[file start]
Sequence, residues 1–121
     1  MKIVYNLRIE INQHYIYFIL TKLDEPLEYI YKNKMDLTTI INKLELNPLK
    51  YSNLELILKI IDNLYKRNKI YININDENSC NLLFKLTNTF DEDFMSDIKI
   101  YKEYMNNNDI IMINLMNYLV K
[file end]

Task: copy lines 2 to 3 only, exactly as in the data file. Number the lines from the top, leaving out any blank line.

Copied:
     1  MKIVYNLRIE INQHYIYFIL TKLDEPLEYI YKNKMDLTTI INKLELNPLK
    51  YSNLELILKI IDNLYKRNKI YININDENSC NLLFKLTNTF DEDFMSDIKI